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There is an annual period during which you can sign up for health insurance, known as open enrollment. If you miss the open enrollment period there may be an option to enroll during a special period if you meet certain criteria. You’re eligible to enroll in a special period if you have a life event such as having a child, getting married, or losing other coverage. You can enroll through the health insurance marketplace or look at your employer’s health insurance offerings. Check out our guide to health insurance enrollment.
The amount of money that you pay before your insurance plan starts to pay. For example, if your deductible is $3000 then you will be responsible to pay the first $3000 of covered services. Once the deductible has been met, you may only need to pay the copayment or coinsurance, if it applies.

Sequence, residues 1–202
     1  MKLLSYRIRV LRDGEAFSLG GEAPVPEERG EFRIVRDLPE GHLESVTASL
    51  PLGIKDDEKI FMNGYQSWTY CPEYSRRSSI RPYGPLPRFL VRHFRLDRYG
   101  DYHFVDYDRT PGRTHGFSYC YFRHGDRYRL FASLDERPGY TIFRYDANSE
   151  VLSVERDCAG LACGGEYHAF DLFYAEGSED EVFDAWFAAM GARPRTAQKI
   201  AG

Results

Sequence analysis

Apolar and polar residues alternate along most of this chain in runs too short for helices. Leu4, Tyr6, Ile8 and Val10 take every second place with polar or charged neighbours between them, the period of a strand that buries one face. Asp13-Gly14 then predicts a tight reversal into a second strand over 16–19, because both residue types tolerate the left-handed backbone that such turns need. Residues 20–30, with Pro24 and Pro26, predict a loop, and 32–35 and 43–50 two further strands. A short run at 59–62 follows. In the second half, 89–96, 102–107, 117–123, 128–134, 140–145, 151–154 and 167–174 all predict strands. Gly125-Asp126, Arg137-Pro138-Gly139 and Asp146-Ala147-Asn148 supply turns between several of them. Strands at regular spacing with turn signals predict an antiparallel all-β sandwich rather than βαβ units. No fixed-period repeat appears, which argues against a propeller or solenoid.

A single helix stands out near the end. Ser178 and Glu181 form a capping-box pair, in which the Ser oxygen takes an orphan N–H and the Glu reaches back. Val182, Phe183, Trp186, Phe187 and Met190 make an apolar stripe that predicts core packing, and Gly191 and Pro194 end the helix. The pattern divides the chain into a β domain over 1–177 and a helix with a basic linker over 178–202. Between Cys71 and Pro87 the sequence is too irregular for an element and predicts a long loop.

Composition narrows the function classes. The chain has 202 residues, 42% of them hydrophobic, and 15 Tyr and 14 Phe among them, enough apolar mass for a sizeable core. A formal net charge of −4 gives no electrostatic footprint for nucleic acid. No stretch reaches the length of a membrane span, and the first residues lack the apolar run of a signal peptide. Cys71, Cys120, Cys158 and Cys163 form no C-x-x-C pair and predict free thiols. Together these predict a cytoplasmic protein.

The copayment and coinsurance are the same in the sense that they both go into effect once the deductible has been met. The key difference is that a copayment is a specified flat fee whereas coinsurance is a percentage of a health service.
A cost effective solution for a generally healthy, young person would be to look for a high deductible plan. Yes, you may have a higher amount to reach, however with a high deductible plan the premiums tend to be much lower. If you are a healthy person that doesn’t utilize a lot of health services, the money you save on health insurance premiums help pay for any out of pocket medical expenses that do occur. Not to mention most high deductible plans give you the option to open an HSA account to pay for covered medical expenses.
A child can remain on their parent’s health insurance plan until they turn 26 years old. You can join or remain on a parent’s plan even if you are married, attending school, not living with or financially dependent on your parents, or are eligible to enroll in your employer’s insurance plan.